E-commerce sites have of late been forced to react to a growing counterfeit problem. Alibaba have toughened measures, Amazon are 'Gating' brands and soon eBay will authenticate products. It is becoming more difficult for counterfeiters to operate on marketplaces, so some are exploring other innovative means, like selling through Whatsapp.
We wrote an article a last month that explored how messaging app Telegram is being used to share pirated content. It would appear the Telegram is not alone in this form of digital brand abuse. There has been a recent shift towards using WhatsApp to buy and sell products, a trend that worryingly is most particularly concerned with counterfeit products. This practice has primarily taken hold in India where the app has more than 70 million daily active users - however we can be sure that if the model continues to grow it will soon make its way to Europe and the U.S. There are key benefits for both customer and seller, but WhatsApp's primary appeal is in its ecrypyted security.
The process works with a customer joining a seller's WhatsApp group, where images, offers and descriptions of wares are posted. The customers then can ask questions on the group or message the seller directly. If you are a seller of fake goods, it's a very attractive prospect that all your listings and conversations between buyers and sellers are encrypted end-to-end. Not only that, but all payments are processed over online - and often untraceable - systems, with no commission paid to a third party e-commerce platform. The incentive of selling on WhatsApp is therefore clear: with costs significantly lower, a higher level of security and a more autonomous process, it's likely to keep providing websites like Amazon and eBay with competition.
The benefits are reciprocated for consumers, who benefit from lower costs whilst maintaining the security and low traceability by using payment methods such as PayPal, Western Union, or pay-on-delivery agreements. Customers can also quickly request information and photos of products straight to their phones, making the purchase process rapid and personalised.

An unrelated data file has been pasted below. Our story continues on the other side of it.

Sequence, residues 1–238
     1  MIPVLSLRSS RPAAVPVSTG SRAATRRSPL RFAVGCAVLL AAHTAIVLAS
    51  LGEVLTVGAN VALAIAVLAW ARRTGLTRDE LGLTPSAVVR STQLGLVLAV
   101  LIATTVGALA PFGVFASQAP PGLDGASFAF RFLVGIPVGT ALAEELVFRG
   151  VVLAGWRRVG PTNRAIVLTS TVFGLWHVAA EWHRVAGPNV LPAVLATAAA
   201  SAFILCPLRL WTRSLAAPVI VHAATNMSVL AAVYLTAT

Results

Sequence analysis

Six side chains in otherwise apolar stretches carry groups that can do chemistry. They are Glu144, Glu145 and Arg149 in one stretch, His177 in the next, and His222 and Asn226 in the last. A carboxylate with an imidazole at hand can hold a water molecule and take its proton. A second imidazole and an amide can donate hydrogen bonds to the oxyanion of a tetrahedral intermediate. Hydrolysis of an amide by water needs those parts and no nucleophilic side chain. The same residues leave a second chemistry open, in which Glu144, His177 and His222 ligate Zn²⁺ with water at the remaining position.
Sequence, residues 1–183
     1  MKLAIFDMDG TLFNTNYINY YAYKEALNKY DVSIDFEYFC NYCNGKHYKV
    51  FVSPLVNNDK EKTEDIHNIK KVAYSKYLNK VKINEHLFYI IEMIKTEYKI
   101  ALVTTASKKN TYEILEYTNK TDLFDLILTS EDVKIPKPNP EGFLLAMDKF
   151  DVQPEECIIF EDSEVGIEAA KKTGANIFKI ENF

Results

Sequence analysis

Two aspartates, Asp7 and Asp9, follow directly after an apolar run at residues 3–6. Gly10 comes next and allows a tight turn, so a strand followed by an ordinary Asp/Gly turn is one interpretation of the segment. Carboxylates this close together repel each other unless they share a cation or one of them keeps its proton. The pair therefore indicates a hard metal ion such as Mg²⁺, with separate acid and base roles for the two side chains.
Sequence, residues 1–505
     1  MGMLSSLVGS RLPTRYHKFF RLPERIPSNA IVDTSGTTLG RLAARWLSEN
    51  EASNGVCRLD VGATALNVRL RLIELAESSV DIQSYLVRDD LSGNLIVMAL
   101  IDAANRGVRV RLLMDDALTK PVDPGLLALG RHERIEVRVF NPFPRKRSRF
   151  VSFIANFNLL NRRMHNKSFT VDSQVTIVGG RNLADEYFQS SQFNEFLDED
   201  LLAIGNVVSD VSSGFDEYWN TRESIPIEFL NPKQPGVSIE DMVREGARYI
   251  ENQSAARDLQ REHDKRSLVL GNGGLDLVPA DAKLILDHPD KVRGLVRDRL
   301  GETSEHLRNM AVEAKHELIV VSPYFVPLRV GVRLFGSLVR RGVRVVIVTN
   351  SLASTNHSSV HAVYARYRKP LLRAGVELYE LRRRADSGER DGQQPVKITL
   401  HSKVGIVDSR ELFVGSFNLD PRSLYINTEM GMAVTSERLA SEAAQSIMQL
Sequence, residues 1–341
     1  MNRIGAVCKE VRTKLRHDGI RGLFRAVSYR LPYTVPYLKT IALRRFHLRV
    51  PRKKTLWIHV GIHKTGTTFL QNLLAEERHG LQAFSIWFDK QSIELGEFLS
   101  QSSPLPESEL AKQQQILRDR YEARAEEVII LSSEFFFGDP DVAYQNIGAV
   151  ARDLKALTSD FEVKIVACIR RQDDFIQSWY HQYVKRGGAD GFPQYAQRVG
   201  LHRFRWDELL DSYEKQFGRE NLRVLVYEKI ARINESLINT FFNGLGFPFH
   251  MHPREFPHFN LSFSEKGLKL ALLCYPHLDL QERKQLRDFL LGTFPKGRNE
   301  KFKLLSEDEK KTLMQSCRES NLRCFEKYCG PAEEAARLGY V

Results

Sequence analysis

In this era of fast connection, response time is very valuable. Over WhatsApp a customer can talk in real-time with a seller, and see when messages have been delivered and read. This conversational exchange builds trust and is one of the key influencers in purchasing over Whatsapp. It's why in China, buying and selling via WeChat is seeing growth, as an emphasis on forming trust in business becomes more valued. WhatsApp and commerce through messaging also allow customers to haggle over prices and strike up deals in a more traditional vendor-style.
Sellers will also tend to specify products as fakes and this furthers the attraction for customers who are not being deceived. Where e-commerce websites are suffering from low trust levels, consumers can appreciate the honestly of sellers through WhatsApp. The majority of WhatsApp groups trade in fashion and apparel, a consumer group typically polemic on counterfeits, so having a seller that clearly states which products are fake is a huge incentive when compared to e-commerce sites where the customer is left to make their own judgement. Both wholesale and individual prices are usually offered, meaning that an individual can enter into a resale business.
There are now a small number of legal businesses operating over WhatsApp, and this may be a promising sales platform for small-to-medium-sized businesses in the future, given the positive user experience that it can bring. WhatsApp will soon have to begin regulating transactions, but must be careful in order not to destroy existing networks of genuine sellers. Although counterfeiters have been the first to take up this form of selling, the practice is growing among real and more well-established businesses - in fact guides can now be found online about how to set up and administer your own WhatsApp selling group.
It's understandable why companies and authorities are concerned by the move of counterfeit sellers to WhatsApp; the potential impact of counterfeits on the app is huge. Counterfeiting in nearly every industry is growing, some large brands are leaving e-commerce sites and others are also starting to consider securing their supply lines and sell only from owned sources. The move away from e-commerce might only be temporary but it's clear that new forms of selling counterfeits will seriously limit traditional means of prevention and removal. WhatsApp poses a particular threat as sheer numbers alone indicate the size of the market that counterfeiters could have access to; Whatsapp boasts over 1 billion users, of which over 320 million daily active users. In balance this presents both an opportunity and a threat for businesses, and a careful hand will be required to oversee regulation.
The WhatsApp case, like the abuse of messaging app Telegram for pirating books, is an example of how anti-counterfeiting solutions must be technology-driven, and be ready to adapt with the volatile environment that rapid digital advancements are creating.